I’m highlighting the title song “We Get By” for a couple of reasons. One because I really like it. Two because it features Ben Harper who produced the album, and three because the beginning of this video gives you a little glimpse of the joy that Mavis Staples lives out.
We finally went to see the movie The Long Shot last night. I had wanted to see it ever since the first time I saw a trailer for it. I love romantic comedies. Thankfully Netflix has started to fill in for the big lack of them in theaters, but I still wish there were more of them. The movie opened the weekend we were traveling to Hilton Head, so yesterday was really the first chance we had to see it. Plus happily we snuck it in just under the wire to take advantage of the $4 tickets we got through T-Mobile Tuesday deals, even though I would happily have paid full price.
My only apprehension going into this movie was the Seth Rogan of it all. A little Seth Rogan goes a long way for me. There’s actually a line in the movie where his characters says that he thinks he is the exact right amount, and that was pretty spot on. He’s definitely got the schlubby, kind of annoying thing going on but in a way where you could see how someone would find him charming and fall in love with him. Being a Seth Rogan movie there is some gross out and drug humor, but I didn’t find it over the top. Even the embarrassment humor was mostly just funny. I can’t stand watching people in tv and movies embarrass themselves, and I didn’t have to cover my eyes even once though I was prepared to a couple of times.
If you’re not familiar with the movie Charlize Theron stars as the Secretary of State who is preparing to run for president. Seth Rogan was a kid she grew up next door to and once babysat for who has become a journalist. They run into each other at a party and she winds up hiring him to help with her speech writing. They of course start to fall in love, but he’s not the kind of guy who is going to present the image America wants when voting for a president. Will they be able to find a way to be together in the end? I’ll let you guess.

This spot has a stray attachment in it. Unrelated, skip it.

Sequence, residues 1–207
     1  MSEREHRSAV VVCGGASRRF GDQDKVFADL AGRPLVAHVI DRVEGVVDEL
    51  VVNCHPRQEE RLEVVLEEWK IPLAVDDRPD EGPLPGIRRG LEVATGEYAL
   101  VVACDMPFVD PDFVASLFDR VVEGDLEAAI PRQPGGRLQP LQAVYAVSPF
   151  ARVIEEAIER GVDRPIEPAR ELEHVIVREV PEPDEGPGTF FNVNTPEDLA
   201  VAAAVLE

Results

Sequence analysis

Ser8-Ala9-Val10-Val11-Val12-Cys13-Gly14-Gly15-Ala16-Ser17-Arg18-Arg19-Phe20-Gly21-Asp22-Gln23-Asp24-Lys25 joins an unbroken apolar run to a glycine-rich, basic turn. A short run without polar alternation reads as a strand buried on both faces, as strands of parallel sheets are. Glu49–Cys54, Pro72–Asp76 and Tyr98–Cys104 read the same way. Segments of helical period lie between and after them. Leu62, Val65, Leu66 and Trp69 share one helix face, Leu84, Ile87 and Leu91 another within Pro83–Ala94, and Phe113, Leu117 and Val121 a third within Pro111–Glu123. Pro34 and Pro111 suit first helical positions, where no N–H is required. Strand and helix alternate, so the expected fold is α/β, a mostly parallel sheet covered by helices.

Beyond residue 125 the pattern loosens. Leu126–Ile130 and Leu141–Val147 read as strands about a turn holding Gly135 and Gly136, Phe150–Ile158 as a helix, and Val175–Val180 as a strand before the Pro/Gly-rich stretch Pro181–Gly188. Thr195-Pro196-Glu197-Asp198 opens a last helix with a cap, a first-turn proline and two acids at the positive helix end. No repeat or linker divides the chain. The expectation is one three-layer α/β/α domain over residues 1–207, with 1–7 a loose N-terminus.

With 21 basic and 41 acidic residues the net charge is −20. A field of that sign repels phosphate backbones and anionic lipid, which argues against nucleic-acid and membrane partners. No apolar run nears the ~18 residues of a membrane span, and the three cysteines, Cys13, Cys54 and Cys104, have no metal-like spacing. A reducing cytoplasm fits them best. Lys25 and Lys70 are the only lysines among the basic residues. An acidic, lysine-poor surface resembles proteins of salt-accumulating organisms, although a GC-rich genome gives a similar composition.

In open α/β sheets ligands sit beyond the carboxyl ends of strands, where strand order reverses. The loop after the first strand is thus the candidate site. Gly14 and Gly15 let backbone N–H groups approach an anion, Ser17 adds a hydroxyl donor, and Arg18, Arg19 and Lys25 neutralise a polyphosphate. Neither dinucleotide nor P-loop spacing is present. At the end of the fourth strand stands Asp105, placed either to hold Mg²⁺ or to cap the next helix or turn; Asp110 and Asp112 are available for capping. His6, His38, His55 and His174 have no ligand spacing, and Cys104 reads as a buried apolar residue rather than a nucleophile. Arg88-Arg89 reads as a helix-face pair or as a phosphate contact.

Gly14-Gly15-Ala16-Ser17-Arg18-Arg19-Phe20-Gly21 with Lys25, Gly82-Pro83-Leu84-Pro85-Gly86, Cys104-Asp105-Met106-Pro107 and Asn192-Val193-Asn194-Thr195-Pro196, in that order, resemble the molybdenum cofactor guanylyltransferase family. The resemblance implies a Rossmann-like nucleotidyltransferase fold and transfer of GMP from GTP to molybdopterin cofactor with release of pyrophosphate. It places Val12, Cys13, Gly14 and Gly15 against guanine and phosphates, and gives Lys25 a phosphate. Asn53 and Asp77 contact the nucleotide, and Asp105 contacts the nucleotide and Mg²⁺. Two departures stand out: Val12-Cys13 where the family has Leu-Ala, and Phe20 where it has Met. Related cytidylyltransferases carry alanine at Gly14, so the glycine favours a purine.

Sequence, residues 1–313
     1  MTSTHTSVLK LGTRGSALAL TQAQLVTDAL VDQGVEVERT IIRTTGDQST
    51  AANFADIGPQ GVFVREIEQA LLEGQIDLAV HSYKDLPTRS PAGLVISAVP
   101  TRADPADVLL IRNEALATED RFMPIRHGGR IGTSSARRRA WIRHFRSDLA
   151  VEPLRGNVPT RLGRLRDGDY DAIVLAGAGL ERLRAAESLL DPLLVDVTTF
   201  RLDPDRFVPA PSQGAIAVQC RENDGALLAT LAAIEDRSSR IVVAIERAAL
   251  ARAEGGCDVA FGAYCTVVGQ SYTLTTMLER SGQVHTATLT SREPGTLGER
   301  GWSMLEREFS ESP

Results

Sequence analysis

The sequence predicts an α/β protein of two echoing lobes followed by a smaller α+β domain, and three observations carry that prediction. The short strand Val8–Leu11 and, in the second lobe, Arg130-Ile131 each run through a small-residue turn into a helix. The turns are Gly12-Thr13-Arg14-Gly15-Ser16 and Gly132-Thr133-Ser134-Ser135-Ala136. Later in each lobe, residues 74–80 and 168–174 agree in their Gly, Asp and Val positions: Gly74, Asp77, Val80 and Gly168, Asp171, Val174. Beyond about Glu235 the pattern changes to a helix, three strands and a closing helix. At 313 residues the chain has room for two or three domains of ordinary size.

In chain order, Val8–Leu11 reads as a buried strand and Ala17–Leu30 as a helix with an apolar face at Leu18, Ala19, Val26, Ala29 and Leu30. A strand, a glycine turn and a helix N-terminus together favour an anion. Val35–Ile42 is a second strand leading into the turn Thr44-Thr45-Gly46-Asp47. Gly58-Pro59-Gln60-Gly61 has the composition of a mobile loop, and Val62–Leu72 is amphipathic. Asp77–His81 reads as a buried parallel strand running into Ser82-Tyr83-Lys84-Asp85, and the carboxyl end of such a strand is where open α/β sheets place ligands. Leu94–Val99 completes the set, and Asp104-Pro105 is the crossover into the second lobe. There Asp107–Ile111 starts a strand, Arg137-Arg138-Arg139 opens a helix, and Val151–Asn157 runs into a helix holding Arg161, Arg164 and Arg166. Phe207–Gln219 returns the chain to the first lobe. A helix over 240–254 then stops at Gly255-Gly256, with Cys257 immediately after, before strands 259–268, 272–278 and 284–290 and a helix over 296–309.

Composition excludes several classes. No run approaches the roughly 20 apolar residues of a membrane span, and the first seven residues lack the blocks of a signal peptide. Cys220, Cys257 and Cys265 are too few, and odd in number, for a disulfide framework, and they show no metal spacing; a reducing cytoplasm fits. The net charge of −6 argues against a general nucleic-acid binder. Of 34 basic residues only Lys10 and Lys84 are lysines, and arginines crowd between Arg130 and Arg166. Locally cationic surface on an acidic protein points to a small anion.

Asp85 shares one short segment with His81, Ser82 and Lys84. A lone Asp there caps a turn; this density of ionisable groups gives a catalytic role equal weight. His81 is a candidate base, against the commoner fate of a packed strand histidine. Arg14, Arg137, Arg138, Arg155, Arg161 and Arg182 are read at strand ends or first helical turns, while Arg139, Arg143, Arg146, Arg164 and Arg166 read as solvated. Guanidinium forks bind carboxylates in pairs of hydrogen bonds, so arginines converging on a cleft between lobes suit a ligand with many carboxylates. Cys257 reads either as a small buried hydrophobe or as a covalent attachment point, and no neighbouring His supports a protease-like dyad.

I laughed a ton during this movie and I thought their relationship was sweet with some real hurdles that didn’t feel like forced obstacles that terrible romantic comedies can throw out there to try and create reasons to keep the leads apart. I also really dug June Diane Raphael in the sassy, sarcastic sidekick role that is a hallmark of romantic comedies. The movie has a fantastic soundtrack too, and we all know what a sucker I am for music.
It’s been a long time since I’ve like a romantic comedy this much. If you like romantic comedies I highly suggest running, not walking (because this movie won’t realistically be in theaters much longer) to go see it. If nothing else definitely check it out once it’s available to rent.
I’m kind of cheating today and combining my New Music Friday post with a write-up of the concert I went to last night. I think it’s fair to say that it’s not that much of a cheat though because her newest album with Francesco Turrisi, there is no Other, came out only a week ago. Add on to that that she also released a collaborative album, Songs of Our Native Daughters with Amythyst Kiah, Leyla McCalla, and Allison Russell earlier this year and I think it’s fully legit to say she is all over the new music. Though it’s actually a little funny to say that because one of her main goals with her music is to revive the folk music of the past and bring back the history of black string folk music that like much other culture has been co-opted and white-washed. There is a recent New Yorker article about her and black folk music that she said the author researched for 4 years. I haven’t had a chance to read it yet, but I’m very much looking forward to digging into it.
As per usual the BSO Pulse concert started off with a set by the Baltimore Symphony Orchestra. This time it was a pared down 9 person string section only. They played four movements: Mozart’s Eine kleine Nachtmusik, Puccini’s Chrysanthemums, Jessie Montgomery’s Starburst and Bartok’s Divertimento for Strings.
Rhiannon Giddens then had her own set in which she performed with her long-time collaborator Dirk Powell. They switched off between the bango, fiddle, and guitar and played a variety of music off of her albums as well as him singing a couple of his songs. During one of the songs he was singing she got into some knee slapping rhythms and wound up doing some barefoot clogging after which she had a hard time catching her breath after which she said she once spent 6 hours a day tap dancing preparing for a show, obviously not no more. Because I know things I knew she had to be referring to the fact that she was cast to replace Audra McDonald in Shuffle Along when Audra had to leave the show after getting pregnant. Apparently people only wanted to see the show for Audra because the ticket sales tanked and they closed the show before Rhiannon Giddens ever took the stage. It made me a little sad remembering that because I thought her casting was an excellent choice.